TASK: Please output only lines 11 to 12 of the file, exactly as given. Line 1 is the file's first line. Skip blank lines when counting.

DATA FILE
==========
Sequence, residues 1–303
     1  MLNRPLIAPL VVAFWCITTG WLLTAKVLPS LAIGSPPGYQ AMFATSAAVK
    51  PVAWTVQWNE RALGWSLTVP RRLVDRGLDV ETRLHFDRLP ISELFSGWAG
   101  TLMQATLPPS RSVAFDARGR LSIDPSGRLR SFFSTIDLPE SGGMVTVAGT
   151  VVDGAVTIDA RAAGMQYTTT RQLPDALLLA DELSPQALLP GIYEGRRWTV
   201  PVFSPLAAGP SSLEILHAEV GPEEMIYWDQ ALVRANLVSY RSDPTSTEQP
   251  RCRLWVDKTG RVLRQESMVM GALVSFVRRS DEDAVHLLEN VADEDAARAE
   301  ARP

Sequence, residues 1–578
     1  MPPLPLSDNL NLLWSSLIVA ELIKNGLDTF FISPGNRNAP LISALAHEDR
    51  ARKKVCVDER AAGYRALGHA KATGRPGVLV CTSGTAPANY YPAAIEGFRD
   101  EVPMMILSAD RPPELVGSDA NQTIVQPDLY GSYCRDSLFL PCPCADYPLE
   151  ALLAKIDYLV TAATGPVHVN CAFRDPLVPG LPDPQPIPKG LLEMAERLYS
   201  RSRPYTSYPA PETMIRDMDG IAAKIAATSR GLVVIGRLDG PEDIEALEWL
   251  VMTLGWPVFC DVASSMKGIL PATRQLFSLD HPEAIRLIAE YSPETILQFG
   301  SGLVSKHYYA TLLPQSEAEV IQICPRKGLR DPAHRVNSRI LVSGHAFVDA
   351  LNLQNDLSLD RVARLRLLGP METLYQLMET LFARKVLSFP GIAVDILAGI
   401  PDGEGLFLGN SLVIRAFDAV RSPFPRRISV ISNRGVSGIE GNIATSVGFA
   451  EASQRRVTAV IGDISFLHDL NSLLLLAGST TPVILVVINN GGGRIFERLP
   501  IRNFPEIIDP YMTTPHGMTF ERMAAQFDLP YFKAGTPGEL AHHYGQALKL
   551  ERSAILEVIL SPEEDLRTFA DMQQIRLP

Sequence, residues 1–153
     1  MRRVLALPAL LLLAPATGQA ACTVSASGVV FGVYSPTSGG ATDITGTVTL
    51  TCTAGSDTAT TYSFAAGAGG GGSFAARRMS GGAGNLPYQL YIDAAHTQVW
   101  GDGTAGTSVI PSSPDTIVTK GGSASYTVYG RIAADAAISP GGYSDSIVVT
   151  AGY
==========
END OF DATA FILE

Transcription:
    51  ARKKVCVDER AAGYRALGHA KATGRPGVLV CTSGTAPANY YPAAIEGFRD
   101  EVPMMILSAD RPPELVGSDA NQTIVQPDLY GSYCRDSLFL PCPCADYPLE